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Canberra travel posters

Canberra’s most attractive landmark?

1940s Canberra was essentially still a small bush town, despite being the seat of federal government in Australia. With its stripped classical style, Parliament House not only stood out from its surroundings but became a stylised icon. No wonder then that these 3 posters, commissioned by the Australian National Travel Association, each feature Parliament House as a lure to visit.  

In truth, many activities in early Canberra happened in Parliament House – it housed not only the government, but also dining rooms, bars, and other comforts for politicians and visitors. It really was a hub for the developing city. 

Once in Canberra, visitors may have discovered the Capitol Theatre, Manuka Pool, Cotter Dam, the new city centre, and from 1941, the Australian War Memorial. However, Parliament House was still the most well-known drawcard. 

While some may argue that Canberra is still primarily known as the seat of government, modern day tourism draws attention to the diversity of activities and local options available with slogans such as 'There's more than they're telling us'.  

Canberra has grown, but we still think the imagery and messages of these gorgeous posters are as relevant today as they were in the 1940s.

The Australian National Travel Association (ANTA) was set up in 1929, to promote Australia to overseas visitors, and later to promote specific Australian cities to locals looking to travel. These carefully crafted and romanticised posters have become a collectible, and their style can be seen reflected in some tourism advertising today.  

While Canberra is the star of these posters, the artists, especially James Northfield, also created many other travel posters for destinations across Australia. 

James Northfield (1887-1973) was born in Geelong, Victoria. He is one of the more famous designers of Australian vintage posters, with a 40-year career depicting Australia as a sunny place of leisure and abundance for local and international visitors.  

Robert Curtis (1898-1996) was born in England, but his family moved to Sydney in 1914. In 1922, he travelled to the USA and studied art, before returning to Sydney and illustrating events such as the erection of the Sydney Harbour Bridge and war efforts. After the war, he travelled Australia, which is when this poster was likely made.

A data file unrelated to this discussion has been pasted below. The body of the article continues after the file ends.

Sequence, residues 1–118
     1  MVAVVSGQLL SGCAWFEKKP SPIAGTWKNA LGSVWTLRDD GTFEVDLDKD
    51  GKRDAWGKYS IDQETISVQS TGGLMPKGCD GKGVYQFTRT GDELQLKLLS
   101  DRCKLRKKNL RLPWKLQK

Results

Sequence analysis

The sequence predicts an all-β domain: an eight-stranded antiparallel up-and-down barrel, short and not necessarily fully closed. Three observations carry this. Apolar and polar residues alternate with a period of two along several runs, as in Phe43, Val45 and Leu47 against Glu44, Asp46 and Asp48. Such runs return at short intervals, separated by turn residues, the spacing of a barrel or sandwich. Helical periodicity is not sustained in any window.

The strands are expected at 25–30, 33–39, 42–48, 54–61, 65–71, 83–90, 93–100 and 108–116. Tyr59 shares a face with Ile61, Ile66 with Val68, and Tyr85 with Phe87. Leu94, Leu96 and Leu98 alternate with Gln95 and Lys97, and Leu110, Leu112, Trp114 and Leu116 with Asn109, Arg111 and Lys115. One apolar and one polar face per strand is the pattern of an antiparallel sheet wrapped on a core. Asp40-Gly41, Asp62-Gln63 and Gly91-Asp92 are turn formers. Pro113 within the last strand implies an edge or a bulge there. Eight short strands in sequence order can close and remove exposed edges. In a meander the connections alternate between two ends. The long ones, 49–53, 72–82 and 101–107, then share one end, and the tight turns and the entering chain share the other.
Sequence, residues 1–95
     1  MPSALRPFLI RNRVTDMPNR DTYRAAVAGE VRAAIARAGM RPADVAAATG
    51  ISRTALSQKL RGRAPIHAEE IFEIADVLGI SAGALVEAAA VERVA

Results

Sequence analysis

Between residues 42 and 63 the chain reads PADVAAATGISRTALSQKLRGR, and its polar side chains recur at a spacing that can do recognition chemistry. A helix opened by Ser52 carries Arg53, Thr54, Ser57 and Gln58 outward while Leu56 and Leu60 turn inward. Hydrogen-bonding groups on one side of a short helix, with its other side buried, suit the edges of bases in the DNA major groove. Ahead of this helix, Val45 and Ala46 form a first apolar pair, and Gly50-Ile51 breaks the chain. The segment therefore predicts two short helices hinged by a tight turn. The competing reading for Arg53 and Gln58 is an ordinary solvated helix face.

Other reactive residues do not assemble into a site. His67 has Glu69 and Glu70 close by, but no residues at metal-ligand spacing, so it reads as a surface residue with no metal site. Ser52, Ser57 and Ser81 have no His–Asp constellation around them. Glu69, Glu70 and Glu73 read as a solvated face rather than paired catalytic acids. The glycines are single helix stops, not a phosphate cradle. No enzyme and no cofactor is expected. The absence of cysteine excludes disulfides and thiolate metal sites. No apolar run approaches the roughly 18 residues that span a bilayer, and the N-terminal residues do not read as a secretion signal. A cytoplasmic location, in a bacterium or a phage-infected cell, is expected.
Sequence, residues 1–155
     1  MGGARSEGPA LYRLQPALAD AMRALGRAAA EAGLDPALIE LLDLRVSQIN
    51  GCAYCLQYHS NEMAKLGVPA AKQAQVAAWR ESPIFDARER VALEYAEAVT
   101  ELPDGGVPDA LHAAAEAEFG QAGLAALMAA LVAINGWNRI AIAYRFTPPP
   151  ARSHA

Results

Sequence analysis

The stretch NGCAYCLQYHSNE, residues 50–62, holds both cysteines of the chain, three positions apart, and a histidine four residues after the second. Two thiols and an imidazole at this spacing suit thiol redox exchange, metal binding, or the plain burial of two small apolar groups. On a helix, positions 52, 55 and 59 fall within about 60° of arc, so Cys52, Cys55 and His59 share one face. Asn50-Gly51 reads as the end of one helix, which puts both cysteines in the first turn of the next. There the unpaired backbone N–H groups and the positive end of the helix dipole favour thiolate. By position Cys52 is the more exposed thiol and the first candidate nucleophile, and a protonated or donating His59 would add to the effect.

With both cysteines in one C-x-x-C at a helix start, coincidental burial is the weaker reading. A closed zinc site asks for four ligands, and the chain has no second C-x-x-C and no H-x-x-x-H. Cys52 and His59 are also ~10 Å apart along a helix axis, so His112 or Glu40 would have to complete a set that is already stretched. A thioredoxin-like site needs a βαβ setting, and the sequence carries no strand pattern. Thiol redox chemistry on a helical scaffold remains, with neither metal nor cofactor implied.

John Telfer Gray (1911-1972) was born in Scotland. He worked as an artist from at least 1935 to 1965. 

These posters were donated through the Australian Government’s Cultural Gifts Program by Peter Graves. 

An illustrated travel poster with the words 'Canberra Australia's National Capital' at the bottom and the front of a large white building with a mountain in the background.

Robert Curtis

An illustrated travel poster showing a view looking down onto rows of trees surrounding a white building. The words Canberra, Australia's National Capital are along the bottom.

John Telfer Gray

An illustrated travel poster showing an aerial view of Old Parliament House, a large white building, surrounded by green land. The Australian coat of arms is on the bottom with the word Australia over the top. There are also the words Canberra, Australian Capital Territory along the bottom.

James Northfield

Why didn't they just use photographs?

In the 1940s, photography was still not as common in print media as it is today. Artworks were more visually attractive, and allowed for simple, colourful designs that represented a scene and a place in the best possible light.

Why are there no other buildings around Provisional Parliament House?

Canberra was announced as the site of the new Federal Capital in 1913, but the First World War prevented work from commencing. Provisional Parliament House was built from 1923 to 1927, but the Second World War delayed the city’s development again, so Canberra was not extensively developed until the 1950s.